Exotic animals are generally considered to be anything that is not a dog, cat or rabbit.
Many practices have one or more vets who are specifically interested in exotic species. Often, they can offer a GP service, including basic health checks and routine health care such as claw clipping, beak trimming, and husbandry advice (such as correct diet, housing and care).
When exotic pets become unwell, they can be challenging to diagnose as they do not show symptoms in the same way a cat or dog does. Vets can undertake additional training in exotic species, most commonly in the form of a post-graduate certificate in Zoological Medicine. Practices who have vets with, or studying towards, a certificate are more likely to have the specialised equipment required to safely house, diagnose and treat exotic species. Often these vets will accept referrals from other practices, and some even provide care for local zoo animals!
When we refer to exotic species in veterinary, we are generally talking about the following types of animals;
Most vets are happy to see commonly kept small mammal species such as guinea pigs, hamsters, gerbils, ferrets, rats, mice, chinchillas and degus. Many practices may have a particular vet who prefers seeing these “small furries”. Less commonly encountered exotic mammals include sugar gliders, pygmy hedgehogs, skunks, racoons, marmoset monkeys and meerkats. These need specific knowledge, and some can be dangerous to handle, so are usually only seen by vets who have additional training in exotic species.
Commonly kept reptiles include bearded dragons, geckos, tortoises, terrapins and some snakes. Many practices are happy to see these for routine care and initial assessment but may refer them to a more experienced colleague if they are unwell and need investigations. Reptiles with more complex requirements such as chameleons, monitor lizards and large snakes may be better seeing a more experienced vet routinely. Very few vets will be able to treat large or dangerous reptiles such as crocodilians or venomous snakes.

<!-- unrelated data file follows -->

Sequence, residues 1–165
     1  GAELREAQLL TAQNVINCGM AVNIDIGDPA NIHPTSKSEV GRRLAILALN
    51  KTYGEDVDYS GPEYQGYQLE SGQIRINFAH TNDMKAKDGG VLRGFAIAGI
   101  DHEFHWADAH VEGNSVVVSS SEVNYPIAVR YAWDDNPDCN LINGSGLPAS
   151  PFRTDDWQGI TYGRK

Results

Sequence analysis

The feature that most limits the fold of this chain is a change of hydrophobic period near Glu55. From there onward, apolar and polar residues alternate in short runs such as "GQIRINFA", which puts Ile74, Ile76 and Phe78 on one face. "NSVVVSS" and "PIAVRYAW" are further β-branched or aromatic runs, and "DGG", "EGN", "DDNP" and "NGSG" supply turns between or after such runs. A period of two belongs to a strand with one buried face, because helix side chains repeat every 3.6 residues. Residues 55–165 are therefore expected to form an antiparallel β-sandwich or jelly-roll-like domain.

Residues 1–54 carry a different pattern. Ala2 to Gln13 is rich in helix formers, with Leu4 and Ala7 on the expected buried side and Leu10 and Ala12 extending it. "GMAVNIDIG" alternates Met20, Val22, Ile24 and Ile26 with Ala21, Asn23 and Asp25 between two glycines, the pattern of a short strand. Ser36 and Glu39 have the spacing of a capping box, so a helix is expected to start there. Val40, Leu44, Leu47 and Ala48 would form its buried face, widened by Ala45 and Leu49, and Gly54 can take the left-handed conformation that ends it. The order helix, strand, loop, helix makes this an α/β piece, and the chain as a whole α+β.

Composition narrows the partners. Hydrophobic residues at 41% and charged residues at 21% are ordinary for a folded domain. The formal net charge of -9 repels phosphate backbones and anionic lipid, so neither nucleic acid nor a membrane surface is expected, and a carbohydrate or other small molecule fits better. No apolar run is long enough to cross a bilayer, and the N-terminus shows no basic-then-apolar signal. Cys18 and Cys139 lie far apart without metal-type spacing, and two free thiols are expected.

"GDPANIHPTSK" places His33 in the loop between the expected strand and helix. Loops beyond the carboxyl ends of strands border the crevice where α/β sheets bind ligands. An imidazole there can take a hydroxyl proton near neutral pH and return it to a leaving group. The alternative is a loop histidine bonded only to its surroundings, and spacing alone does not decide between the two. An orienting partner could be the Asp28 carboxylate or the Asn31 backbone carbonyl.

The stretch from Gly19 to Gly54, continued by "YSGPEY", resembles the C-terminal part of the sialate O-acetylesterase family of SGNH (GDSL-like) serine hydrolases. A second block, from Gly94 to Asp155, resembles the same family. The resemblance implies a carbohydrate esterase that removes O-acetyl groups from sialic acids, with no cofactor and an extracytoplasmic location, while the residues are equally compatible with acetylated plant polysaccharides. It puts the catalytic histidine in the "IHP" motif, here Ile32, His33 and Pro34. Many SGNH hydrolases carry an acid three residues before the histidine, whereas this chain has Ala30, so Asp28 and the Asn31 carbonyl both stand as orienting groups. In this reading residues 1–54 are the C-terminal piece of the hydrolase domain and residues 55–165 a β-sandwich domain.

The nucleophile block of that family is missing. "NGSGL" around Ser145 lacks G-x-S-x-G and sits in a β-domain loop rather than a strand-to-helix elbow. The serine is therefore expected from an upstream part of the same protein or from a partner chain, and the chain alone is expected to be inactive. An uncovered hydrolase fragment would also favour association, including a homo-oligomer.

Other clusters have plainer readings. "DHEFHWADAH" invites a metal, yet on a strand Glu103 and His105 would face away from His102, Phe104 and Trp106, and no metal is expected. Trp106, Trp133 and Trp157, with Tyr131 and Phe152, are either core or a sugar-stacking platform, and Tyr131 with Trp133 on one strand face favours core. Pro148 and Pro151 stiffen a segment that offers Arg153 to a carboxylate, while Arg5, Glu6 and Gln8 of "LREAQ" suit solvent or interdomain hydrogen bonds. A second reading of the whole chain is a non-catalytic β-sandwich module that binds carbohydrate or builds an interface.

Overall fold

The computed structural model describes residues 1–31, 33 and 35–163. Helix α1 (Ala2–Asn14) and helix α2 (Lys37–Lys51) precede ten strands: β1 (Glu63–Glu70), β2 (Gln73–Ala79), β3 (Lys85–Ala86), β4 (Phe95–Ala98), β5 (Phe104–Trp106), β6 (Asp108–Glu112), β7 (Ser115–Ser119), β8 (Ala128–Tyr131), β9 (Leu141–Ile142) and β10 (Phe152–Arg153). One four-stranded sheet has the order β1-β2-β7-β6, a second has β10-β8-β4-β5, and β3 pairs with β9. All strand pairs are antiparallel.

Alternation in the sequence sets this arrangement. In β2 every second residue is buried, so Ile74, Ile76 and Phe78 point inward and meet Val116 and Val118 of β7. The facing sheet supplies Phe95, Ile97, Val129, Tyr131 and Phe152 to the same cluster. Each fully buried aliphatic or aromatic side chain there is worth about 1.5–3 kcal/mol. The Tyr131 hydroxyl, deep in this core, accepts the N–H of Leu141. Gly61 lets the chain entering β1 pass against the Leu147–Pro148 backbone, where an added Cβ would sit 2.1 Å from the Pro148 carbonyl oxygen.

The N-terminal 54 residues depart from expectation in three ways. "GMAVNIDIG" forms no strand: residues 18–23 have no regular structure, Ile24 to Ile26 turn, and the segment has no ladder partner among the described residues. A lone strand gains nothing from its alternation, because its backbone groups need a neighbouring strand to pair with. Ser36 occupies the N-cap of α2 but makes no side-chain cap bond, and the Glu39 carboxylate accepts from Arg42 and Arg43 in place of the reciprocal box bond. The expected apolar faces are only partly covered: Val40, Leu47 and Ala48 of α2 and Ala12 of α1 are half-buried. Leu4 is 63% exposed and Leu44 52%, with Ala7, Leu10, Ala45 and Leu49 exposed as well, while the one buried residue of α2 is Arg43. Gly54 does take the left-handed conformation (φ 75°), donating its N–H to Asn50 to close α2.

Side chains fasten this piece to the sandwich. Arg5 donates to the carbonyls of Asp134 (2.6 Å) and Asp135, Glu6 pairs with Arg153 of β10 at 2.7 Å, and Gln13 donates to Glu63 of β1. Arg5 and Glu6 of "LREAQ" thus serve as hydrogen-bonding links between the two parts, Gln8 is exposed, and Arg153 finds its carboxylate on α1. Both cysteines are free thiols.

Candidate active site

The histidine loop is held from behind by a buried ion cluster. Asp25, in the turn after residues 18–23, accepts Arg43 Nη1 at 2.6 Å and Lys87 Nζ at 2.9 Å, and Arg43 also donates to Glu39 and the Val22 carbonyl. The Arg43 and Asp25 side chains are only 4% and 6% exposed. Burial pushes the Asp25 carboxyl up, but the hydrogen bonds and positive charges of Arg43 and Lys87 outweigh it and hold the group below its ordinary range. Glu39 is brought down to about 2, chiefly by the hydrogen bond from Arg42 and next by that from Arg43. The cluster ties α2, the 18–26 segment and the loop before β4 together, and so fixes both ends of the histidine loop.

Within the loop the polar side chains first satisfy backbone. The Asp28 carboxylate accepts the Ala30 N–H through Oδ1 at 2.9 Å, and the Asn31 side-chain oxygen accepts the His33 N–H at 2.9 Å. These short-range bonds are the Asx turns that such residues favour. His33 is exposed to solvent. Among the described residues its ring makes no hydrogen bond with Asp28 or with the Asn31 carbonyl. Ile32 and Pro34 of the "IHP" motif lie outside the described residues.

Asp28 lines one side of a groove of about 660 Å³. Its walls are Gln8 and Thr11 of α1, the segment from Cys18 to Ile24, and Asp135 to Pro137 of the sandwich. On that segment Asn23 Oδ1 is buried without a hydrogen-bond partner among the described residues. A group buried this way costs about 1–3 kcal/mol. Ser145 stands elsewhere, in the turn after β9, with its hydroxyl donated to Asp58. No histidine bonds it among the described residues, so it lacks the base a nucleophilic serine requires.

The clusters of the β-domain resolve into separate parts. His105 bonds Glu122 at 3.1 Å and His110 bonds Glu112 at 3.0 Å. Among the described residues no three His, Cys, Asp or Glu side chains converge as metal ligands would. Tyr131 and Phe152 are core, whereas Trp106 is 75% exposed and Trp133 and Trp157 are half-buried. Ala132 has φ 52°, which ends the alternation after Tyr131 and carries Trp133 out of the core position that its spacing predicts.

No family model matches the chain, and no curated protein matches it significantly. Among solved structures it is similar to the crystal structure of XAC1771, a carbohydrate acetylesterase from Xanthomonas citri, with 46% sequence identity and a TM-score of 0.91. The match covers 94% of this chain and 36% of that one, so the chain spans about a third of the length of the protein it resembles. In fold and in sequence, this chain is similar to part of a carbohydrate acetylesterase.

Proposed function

Small pet birds such as budgies and canaries will be seen by most vets. Parrots are generally more challenging to treat, and can deteriorate very quickly, so specialist referral is often advised. Raptors, such as owls and falcons, also benefit from treatment by vets with experience seeing these species. Practices that routinely see and treat birds will have appropriate equipment to anaesthetise them, and facilities for endoscopy.
Most practices can see and treat chickens if kept in small numbers as pets. Many of the medications used in pet birds mean neither the chicken nor her eggs can ever enter the food chain, so commercial flocks are better treated by a specific farm animal or poultry vet.
Fish, Amphibians and Invertebrates
These are considered specialist exotic species, and most first opinion vets will not have the skills or equipment to treat these species. Often diagnostics and treatment are possible, especially for fish, however this will need to be undertaken at a practice with appropriate facilities.
Your local practice will be able to advise you on the level of care they can provide to exotic species, and whether there is a particular team member you should see. If they are not able to provide advanced care, or you keep more unusual species, it is strongly recommended to find and register with a specialist exotic practice before you need them.